Abraham God was the source of all life. When one has a God like that, the intelligent thing to do is to trust Him. There is no danger in having a reckless faith in Him. Abraham’s conception of God was vast. As a result his faith was equally vast. We are intended to have this kind of implicit trust. Do you? If you’re going to live the reigning life, the rejoicing life, the reconciled life, and enjoy the “reckless life,” it must come through faith. I t is said of Abraham, “who against hope, believed in hope” (verse 18). Since there was absolutely no reason for confidence, Abraham was overwhelmingly confident. The Lord

S OME OP THE most wonderful and practical illustrations anyone can use are those which are derived di­ rectly from the Word of God. In Ro­ mans 4:17-23 we have an important lesson concerning faith, based on the patriarch, Abraham. Of all the per­ tinent things this saint can teach us — perhaps the greatest concerns the aspect of faith. The Bible clearly shows us that we are saved by faith, we stand by faith, we walk by faith, we overcome by faith. Consider any area of Christian life and you will see this basic prin­ ciple of faith. We are enjoined to have this same kind of faith Abra­ ham had. If we are going to live what we might call the reckless life, it is going to be by faith. Let us profit by what Scripture tells us concern­ ing Abraham’s faith. One can’t help but notice that it was based in the Lord. To give a broad outline for this section, we would suggest, Confidence in a Person, Conversant with the Problems, Consistent in Progress, Convinced of the Promises. The important thing about faith is not so much its volume as it is its object. The important thing about faith is upon what we base it. All exercise faith of some type. Men have faith in their automobiles, in the air they breathe, in their favorite restaurants, generally in most any­ thing. When it comes to faith in God, people seem to think that’s different. Basically, however, it’s the same. The difference is in the object. Their problem is they don’t have a small faith, but faith in what to them is a small God. The One whom We serve is not of this type whatsoever. This portion of Scripture says He is a God who quickens the dead and calls into existence non-existent things. To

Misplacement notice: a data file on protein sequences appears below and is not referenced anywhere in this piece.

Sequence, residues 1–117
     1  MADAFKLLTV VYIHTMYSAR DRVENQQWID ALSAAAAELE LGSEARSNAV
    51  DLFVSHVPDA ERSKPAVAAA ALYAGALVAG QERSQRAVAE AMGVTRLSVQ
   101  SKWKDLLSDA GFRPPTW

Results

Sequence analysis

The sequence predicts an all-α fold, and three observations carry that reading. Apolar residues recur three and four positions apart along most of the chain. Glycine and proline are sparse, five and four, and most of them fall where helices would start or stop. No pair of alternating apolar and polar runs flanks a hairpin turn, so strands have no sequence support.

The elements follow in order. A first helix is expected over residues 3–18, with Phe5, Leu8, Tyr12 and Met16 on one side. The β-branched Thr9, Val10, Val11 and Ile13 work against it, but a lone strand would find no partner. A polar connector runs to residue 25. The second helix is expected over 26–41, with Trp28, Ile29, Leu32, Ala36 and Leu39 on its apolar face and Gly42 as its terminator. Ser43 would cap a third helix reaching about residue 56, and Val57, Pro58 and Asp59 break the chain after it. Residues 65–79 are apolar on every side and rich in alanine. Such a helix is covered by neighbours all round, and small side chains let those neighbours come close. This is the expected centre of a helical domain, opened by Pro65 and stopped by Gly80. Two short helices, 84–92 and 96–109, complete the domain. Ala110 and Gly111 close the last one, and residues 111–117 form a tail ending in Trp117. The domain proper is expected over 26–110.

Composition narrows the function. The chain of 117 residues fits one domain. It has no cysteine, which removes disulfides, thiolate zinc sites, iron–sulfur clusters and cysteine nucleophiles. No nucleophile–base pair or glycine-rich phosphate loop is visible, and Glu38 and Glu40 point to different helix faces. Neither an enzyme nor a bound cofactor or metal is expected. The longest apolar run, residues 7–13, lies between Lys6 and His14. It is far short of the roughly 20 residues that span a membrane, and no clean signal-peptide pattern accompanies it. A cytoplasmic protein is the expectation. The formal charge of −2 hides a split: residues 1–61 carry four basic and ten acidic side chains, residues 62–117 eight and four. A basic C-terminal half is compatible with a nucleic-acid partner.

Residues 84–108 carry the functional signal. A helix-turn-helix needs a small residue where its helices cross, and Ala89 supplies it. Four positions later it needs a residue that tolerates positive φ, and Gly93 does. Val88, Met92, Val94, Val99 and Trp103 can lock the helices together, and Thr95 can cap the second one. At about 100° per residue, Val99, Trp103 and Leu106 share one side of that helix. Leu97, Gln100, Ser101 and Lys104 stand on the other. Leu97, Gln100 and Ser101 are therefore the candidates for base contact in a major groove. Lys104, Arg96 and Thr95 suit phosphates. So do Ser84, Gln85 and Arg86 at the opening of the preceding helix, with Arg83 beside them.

Two of Biola's staff members have’ their sons atending the school this year, both of whom were presidents of theirrespective high school student bodies. From left to right is Allen Carden, last year's president of theLa Mirada High School student body. Next to him is his father, Mr. William L. Carden, director of AdmissionsforBiola Colege, todd Lewis, former president of Neff HighSchol student body, is with his father, Mr. VernonLewis, a member of the Biola Collegefaculty. We thankGod for the high caliber of young people whom the Lord is sending to Biola for preparation in His service.